Filtered by category: USPS Clear Filter

US Senator Asks PMG to Explain Reported Changes

As if to illustrate that running the Postal Service as Postmaster General isn’t like running a corporation as its CEO, Senator Gary Peters (MI), ranking member of the Senate Homeland Security and Governmental Affairs Committee, wrote PMG Louis DeJoy on July 17 asking for “information about operational changes at the US Postal Service that have the potential to affect the quality of service for Americans.”

Peters’ letter was inspired by the reports of plans to modify delivery procedures that were contained in a PowerPoint leaked by a USPS manager in Ohio and other documents. (For more on this, see the July 25 post.)

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Leaked Documents Suggest PMG Seeking Cost Reductions

When the new Postmaster General took office last month, it was widely assumed that he would make significant changes, though the nature of what those changes would be was then no more than speculation.  However, if the information in a leaked PowerPoint presentation that appeared on postalnews.com last week is credible, change may be starting and is focused on cost reduction.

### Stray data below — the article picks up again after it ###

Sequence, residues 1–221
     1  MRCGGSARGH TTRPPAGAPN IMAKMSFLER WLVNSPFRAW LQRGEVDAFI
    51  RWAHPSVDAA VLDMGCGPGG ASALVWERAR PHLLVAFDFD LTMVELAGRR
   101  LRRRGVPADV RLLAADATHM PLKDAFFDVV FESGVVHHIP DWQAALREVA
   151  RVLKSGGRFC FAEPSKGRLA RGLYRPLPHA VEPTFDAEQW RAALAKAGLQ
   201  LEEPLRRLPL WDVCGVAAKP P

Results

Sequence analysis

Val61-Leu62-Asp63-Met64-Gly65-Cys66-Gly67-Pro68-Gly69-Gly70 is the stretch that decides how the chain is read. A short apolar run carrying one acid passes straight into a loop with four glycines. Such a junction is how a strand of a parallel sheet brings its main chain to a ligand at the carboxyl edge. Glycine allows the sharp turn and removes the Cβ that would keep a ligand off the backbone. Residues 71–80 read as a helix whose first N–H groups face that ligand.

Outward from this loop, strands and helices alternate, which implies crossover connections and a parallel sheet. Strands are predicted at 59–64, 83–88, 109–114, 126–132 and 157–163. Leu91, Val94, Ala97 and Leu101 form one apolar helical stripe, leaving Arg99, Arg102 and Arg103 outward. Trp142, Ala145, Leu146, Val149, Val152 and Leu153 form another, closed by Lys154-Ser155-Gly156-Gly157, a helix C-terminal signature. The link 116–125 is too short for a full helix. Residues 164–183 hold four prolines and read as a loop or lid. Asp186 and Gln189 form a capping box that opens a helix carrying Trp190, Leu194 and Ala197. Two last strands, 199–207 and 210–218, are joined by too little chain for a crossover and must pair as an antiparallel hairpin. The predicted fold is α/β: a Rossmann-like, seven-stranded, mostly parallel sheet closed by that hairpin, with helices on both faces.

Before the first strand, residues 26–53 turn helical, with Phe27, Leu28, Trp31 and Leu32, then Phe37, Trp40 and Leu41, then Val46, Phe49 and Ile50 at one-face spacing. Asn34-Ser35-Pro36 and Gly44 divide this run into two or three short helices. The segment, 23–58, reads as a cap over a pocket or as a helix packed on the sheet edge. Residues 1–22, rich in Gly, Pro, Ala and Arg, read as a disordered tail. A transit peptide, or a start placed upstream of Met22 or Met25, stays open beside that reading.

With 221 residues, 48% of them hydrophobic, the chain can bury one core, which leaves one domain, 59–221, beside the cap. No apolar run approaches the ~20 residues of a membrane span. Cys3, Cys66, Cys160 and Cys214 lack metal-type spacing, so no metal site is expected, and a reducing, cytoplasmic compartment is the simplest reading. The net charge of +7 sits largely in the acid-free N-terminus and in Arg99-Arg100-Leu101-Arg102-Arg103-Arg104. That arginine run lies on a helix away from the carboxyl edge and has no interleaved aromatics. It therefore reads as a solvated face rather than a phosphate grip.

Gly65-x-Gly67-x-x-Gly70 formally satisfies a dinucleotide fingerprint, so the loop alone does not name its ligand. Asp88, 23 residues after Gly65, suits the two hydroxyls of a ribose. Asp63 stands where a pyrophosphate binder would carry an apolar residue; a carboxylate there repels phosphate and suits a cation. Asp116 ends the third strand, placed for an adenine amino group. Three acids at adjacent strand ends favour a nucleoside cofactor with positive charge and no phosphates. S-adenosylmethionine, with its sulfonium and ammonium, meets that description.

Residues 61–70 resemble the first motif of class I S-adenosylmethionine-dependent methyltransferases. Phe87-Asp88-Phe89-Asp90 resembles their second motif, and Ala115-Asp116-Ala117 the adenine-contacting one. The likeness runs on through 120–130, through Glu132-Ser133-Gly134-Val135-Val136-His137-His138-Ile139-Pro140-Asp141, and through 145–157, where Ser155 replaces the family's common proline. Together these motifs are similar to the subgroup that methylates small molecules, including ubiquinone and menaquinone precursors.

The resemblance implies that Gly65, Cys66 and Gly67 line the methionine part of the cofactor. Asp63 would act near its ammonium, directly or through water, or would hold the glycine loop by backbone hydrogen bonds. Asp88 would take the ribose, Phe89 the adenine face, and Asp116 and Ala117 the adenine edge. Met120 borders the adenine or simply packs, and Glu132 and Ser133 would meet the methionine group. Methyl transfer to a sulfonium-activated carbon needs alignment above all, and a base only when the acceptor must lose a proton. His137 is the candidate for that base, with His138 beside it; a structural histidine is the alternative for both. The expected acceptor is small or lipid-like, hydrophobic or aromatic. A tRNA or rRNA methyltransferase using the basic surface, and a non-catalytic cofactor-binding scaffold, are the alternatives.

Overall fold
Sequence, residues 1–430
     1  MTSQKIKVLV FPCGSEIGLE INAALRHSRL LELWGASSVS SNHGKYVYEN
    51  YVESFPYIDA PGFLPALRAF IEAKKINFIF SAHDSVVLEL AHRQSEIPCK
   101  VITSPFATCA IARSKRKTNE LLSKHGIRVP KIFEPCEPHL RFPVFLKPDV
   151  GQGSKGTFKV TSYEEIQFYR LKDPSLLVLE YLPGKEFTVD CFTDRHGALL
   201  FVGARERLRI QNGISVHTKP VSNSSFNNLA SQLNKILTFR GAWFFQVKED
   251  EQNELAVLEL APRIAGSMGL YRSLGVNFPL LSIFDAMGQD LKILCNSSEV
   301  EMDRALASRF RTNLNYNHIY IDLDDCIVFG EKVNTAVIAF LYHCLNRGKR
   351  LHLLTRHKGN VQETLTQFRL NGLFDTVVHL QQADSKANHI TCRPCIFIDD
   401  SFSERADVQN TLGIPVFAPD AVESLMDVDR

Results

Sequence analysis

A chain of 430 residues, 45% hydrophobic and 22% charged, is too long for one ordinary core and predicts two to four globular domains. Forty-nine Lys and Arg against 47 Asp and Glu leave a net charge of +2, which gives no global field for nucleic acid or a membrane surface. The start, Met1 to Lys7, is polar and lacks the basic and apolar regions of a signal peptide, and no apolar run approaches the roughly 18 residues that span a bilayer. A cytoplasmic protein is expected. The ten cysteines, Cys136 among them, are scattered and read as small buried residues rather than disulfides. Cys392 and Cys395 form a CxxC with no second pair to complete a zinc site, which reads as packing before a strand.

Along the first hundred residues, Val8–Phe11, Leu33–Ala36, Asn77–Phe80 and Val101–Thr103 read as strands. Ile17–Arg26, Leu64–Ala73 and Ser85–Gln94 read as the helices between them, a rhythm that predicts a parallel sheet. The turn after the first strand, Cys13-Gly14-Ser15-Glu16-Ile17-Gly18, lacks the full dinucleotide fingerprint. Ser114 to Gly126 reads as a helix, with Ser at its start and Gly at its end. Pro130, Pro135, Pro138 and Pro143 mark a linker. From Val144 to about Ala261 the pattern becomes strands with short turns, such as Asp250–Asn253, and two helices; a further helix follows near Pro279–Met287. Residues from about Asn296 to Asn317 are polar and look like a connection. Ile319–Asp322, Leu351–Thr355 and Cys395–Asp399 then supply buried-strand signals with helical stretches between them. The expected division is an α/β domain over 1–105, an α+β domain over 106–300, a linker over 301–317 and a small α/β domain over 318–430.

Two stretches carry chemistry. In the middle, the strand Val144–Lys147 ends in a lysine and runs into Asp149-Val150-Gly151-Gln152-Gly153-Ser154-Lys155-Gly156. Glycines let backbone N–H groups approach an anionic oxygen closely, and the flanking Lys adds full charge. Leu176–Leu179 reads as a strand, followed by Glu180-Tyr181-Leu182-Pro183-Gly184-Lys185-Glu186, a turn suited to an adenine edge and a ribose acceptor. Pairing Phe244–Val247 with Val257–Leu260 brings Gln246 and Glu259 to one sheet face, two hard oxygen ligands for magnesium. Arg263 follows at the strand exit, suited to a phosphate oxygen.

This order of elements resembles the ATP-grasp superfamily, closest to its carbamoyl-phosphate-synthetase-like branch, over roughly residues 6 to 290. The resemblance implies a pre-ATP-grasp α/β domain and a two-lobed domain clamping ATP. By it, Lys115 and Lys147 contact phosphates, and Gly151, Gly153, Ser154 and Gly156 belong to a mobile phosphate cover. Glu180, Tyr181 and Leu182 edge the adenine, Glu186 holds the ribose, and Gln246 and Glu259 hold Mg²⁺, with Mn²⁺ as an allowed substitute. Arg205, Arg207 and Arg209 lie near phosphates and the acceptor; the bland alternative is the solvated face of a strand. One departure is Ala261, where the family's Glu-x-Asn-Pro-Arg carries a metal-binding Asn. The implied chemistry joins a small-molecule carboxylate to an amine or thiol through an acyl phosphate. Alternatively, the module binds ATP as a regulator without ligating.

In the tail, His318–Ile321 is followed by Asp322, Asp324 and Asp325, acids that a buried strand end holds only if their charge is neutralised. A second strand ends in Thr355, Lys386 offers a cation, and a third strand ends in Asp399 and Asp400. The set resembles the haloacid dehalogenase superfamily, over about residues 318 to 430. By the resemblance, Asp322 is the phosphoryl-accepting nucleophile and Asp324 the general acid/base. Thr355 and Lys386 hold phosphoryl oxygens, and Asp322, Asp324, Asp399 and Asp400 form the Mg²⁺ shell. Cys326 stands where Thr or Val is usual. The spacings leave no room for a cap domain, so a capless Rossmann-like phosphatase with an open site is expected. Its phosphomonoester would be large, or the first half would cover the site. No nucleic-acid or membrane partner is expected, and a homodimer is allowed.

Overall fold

Quick reference links: "The Source", "Document Two", "Publicity", "Another Talk" 

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Stepping Into the Fishbowl

Last Tuesday, June 16, Louis DeJoy was sworn in as the 75th Postmaster General. Since his May 6 appointment by the Postal Service’s Board of Governors he’d spend weeks working with retiring PMG Megan Brennan, getting briefed on the agency he would be leading. Now the job was his.

Thanks and greetings

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April Results Show COVID Impact

As the economic impact of the COVID pandemic came into full force, the consequences for mail volume, and Postal Service revenue, were reflected in the agency’s April financial results. Overlaid on this was the burden of various prefunding obligations and the usual fluctuating valuation of the Postal Service’s workers’ compensation liability.

Volume and revenue

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Congressional “Stimulus” Rebuffs Unions, Lets the USPS Go Deeper in Debt, Pt II

(Continued from April 10, 2020. Full article found in the March 29, 2020 edition of Mailers Hub News.)